by Fatima Shrafat
Fatima Shrafat is a student at the University of Ottawa who specializes in housing research with a focus on social and economic disadvantage. She has been published in Canadian Dimension magazine and aims to increase human rights advocacy through her writing.
SocialCanada.org invites other students and researchers to submit their work for publication. (Send to firstname.lastname@example.org)
The Fred Victor Organization determined that on any given day, over 9,200 people in the city of Toronto meet one of the definitions of homelessness. Shelters in the city generally reach an average occupancy rate of approximately 98% every night, and 76% of the homeless population claim that the key factor in improving their situation is ‘aid and accommodation in paying the high rents of the city’.
The following paper outlines the ongoing epidemic of homelessness in the city of Toronto, currently existing proposals or initiatives to combat this largely social issue, and what can be improved for a better future. These programs are simultaneously summarized, and critiqued. They are claimed as ineffective for their lack of results, as well as the potential long-term risks of not including rehabilitative services tied along with housing. A fundamental lack of supplied resources, and the dependence of homeless shelters on the government are also cited as problematic.
The issues with current affordable housing programs and their lack of success are further elaborated on through the lense of interviews conducted with three figures in the field of affordable housing. Cathy Crowe, a homeless advocate, Richard Dunwoody, a businessman and generator of the shelter initiative known as Project Comfort, and James Ries, an urban developer from California, were all directly consulted to provide their perspectives on this issue.
The HousingTO 2020-2030 Action Plan put forth by the city of Toronto is also addressed, and critiqued for similar reasons, namely: high costs with insufficient results, and motivations that deviate greatly from the principle of empathy. James Ries speaks from the perspective of a developer, and as he speaks of the mass homelessness in California, we are forced to look closer at our own crisis in Ontario. He states that the primary factors in improving the situation would be streamlining housing projects, and providing the correct incentives to spur market stakeholders into action.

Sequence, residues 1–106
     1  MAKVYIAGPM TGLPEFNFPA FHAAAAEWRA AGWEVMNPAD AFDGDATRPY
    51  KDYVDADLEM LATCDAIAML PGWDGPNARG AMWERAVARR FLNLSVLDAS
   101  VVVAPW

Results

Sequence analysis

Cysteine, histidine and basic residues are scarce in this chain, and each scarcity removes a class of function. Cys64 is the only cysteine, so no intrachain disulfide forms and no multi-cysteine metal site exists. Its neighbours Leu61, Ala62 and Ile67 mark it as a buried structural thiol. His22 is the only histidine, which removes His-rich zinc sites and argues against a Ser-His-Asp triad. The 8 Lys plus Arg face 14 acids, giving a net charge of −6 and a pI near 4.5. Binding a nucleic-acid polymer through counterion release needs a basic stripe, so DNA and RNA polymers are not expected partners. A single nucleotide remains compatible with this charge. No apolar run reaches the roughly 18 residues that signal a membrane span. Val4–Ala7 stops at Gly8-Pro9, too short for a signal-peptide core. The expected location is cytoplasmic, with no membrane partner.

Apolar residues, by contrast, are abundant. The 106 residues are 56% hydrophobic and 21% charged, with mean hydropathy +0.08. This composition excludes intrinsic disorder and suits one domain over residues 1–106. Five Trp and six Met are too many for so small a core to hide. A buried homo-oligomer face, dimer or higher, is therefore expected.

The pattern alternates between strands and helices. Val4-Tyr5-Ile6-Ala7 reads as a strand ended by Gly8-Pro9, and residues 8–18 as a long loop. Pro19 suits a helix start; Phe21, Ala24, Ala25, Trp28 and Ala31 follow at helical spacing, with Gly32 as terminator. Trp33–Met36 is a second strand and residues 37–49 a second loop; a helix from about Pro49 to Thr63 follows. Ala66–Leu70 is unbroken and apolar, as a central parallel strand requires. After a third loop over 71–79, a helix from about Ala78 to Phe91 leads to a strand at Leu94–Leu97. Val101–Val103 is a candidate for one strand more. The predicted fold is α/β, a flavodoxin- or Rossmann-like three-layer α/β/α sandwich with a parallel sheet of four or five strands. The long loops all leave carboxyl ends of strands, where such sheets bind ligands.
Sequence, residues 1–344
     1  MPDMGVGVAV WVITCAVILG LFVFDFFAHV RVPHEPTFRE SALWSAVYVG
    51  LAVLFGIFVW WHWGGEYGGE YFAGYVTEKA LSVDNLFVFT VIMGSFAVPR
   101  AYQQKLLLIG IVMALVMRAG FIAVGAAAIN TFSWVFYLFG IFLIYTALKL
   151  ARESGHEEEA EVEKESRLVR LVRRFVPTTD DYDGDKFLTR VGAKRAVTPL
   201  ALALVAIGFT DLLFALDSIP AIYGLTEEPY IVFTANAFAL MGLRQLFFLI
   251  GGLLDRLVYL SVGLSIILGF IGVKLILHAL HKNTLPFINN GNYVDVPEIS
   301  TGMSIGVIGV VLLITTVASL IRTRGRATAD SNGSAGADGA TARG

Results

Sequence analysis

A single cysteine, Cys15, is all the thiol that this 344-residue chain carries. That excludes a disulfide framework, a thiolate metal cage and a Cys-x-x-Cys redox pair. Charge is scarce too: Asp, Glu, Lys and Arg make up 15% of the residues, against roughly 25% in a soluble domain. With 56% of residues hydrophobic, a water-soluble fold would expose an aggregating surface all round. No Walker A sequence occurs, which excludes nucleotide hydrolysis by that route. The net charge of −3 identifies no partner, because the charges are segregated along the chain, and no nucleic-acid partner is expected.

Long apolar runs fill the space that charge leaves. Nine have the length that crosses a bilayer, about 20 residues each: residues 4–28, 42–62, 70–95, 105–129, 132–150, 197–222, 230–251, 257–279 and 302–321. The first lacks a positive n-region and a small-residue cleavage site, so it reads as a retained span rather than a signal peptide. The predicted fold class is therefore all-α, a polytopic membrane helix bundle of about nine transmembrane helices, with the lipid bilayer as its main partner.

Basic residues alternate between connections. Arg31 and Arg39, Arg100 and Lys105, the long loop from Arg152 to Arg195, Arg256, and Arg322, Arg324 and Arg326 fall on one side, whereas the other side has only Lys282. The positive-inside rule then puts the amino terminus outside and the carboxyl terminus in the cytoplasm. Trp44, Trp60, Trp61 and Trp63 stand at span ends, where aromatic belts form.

A clear break-out of current cooperatives in the Spadina Fort-York district of Toronto is given and evaluated in terms of building type, provider type and unit size as well. In a depiction of Ward 10, or the Spadina Fort-York riding, approximately 29 community housing locations were found to exist in the area. As well as this, Toronto has been the city with the highest population in Canada as of 2020, this being approximately 6,196,731 people, with an annual growth rate of 1.10%.
We go on to assess the present status of housing in the City, costs of living, the feasibility of cooperative housing during a time of economic decline, and how this decline poses a significant problem to housing development. The Ontario Community Housing Renewal Strategy also proved useful in evaluating this epidemic. As acknowledged by the provincial government, there is a strong lack of coordination and communication between the community housing system, and other accessible housing systems. Support services for tenants are also often either unavailable or insufficient.
Overall, what has been found is that there are not enough alternative solutions, nor a sufficient amount of incentives for stakeholders in order to begin improving the living conditions of vulnerable people in the City. There is a lack of coordination in the process, and a scarce amount of conversation. As stated by Dunwoody:
“What do you do when you have a complex issue? In business, that means you address it– you bring people into solving it, and you stop referring to it as a “complex issue”.
Homelessness and Supportive Housing in Toronto:
As stated by the Canadian Observatory on Homelessness (COH), the term ‘homelessness’ officially “[describes] the situation of an individual, family or community without stable, safe, permanent, appropriate housing, or the immediate prospect, means and ability of acquiring it. It is the result of systemic or societal barriers, a lack of affordable and appropriate housing, the individual/household’s financial, mental, cognitive, behavioural or physical challenges, and/or racism and discrimination” (COH, 2012). This definition encompasses a range of living situations, which can include 1) Unsheltered living, which refers to a situation of absolute homeless, and living in public or private spaces that are either unintended for permanent human habitation, or that are unconsented and uncontracted for their use; 2) Emergency sheltered living, which refers to an often temporary place of shelter, including overnight shelters, women’s shelters, and interval houses; 3) Provisionally accommodated living, in a situation of indefinite accommodation and temporary stability, such as with interim housing, rental accommodations, refugee situations, or non-permanent housing scenarios; 4) In risk of homelessness, where the individual is not yet defined as ‘homeless’, however their present socio-economic state and condition of living is precarious, and does not meet provincial public health and safety guidelines.1